Cancer Breakthrough - Cancer Cells Changed Back to Normal Cells

Monday, April 20, 2015

Cancer Cells Changed Back to Normal Cells

 Cancer
A new breakthrough study has shown that pancreatic cancer cells can be reverted back to normal cells by introducing a controlling protein. The work may open the door to controlling the deadly disease.





Anew research study has shown that pancreatic cancer cells can be coaxed to revert back toward normal cells by introducing a protein called E47. E47 binds to specific DNA sequences and controls genes involved in growth and differentiation.

"For the first time, we have shown that overexpression of a single gene can reduce the tumor-promoting potential of pancreatic adenocarcinoma cells and reprogram them toward their original cell type. Thus, pancreatic cancer cells retain a genetic memory which we hope to exploit," said Pamela Itkin-Ansari, Ph.D., adjunct professor in the Development, Aging, and Regeneration Program at Sanford-Burnham and lead author of the study published in the journal Pancreas.

"For the first time, we have shown that overexpression of a single gene can reduce the tumor-promoting potential of pancreatic adenocarcinoma cells and reprogram them toward their original cell type."



In vivo studies showed that when the reprogrammed cancer cells were introduced into mice, their ability to form tumors was greatly diminished compared to untreated adenocarcinoma cells.

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"Presently, pancreatic adenocarcinoma is treated with cytotoxic agents, yet the average survival for patients post-diagnosis is merely six months, and the improvements in therapies are measured in days," said Andrew M. Lowy, M.D., professor of surgery at the UC San Diego Moores Cancer Center and co-chair of the National Cancer Institute's Pancreatic Cancer Task Force.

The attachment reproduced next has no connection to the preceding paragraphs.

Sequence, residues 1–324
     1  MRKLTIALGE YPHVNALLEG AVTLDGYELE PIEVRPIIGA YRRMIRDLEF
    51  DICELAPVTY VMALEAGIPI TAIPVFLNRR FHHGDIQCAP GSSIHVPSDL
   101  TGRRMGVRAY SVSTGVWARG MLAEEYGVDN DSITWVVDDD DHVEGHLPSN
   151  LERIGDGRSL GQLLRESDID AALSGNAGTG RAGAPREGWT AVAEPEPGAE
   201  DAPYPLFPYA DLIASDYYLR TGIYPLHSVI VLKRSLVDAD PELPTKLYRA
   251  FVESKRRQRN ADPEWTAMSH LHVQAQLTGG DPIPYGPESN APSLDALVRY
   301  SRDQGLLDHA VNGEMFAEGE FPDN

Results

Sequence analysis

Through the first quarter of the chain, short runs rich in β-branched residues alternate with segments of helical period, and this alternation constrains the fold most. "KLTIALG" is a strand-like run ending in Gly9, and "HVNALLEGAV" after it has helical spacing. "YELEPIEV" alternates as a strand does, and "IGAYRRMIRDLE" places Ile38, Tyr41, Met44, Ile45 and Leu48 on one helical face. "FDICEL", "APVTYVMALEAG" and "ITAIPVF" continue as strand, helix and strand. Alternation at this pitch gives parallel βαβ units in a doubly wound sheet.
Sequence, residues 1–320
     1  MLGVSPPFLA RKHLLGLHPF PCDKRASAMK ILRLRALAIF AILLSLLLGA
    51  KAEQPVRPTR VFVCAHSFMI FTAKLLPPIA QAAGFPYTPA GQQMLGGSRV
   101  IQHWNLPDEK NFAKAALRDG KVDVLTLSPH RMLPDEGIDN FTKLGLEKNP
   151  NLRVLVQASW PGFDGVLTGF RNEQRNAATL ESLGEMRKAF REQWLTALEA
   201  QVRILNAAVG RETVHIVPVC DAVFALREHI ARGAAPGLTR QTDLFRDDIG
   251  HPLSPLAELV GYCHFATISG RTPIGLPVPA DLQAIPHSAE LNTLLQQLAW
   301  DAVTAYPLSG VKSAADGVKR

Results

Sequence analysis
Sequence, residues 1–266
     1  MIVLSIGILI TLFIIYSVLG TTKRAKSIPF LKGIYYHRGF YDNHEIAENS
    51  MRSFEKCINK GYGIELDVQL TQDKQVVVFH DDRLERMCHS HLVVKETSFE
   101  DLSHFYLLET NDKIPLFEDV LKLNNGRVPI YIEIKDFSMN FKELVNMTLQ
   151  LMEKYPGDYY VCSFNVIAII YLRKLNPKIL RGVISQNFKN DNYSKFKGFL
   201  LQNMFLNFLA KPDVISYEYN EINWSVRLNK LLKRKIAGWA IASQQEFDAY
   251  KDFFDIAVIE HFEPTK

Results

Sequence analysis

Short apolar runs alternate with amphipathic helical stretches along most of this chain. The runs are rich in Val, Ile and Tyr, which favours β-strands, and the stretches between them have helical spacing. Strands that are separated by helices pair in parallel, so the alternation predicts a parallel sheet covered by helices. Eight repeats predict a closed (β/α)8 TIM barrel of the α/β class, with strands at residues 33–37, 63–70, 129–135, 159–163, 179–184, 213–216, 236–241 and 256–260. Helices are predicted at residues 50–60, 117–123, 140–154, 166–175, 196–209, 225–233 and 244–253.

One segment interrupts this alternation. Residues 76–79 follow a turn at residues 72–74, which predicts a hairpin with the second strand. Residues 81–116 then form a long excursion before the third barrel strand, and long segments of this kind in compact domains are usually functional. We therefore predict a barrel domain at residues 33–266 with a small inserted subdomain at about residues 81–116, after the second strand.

"The finding that we can differentiate these cancer cells back to a non-threatening phenotype is encouraging. Indeed, there is a precedent for cell differentiation therapy in that the approach has been used to treat acute promyelocytic leukemia (APL) and some neuroblastomas successfully."

"Our next step is to test primary patient-derived tumor tissue to determine whether E47 can produce similar results, potentially providing a novel therapeutic approach to combat this highly lethal disease," said Itkin-Ansari. "Additionally, we are screening for molecules—potential drugs—that can induce overexpression of E47."

Pancreatic adenocarcinoma is the most common form of pancreatic cancer. It's primarily caused by a mutation in the oncogene called Kras that causes the digestive enzyme-secreting cells (acinar cells) to differentiate into a destabilized duct-like cell type, which is cancerous. The disease is often called a "silent" cancer because it rarely shows early symptoms—it tends to be diagnosed at advanced stages when it causes weight loss, abdominal pain, and jaundice.


SOURCE  Sanford-Burnham Medical Research Institute via NewsWise

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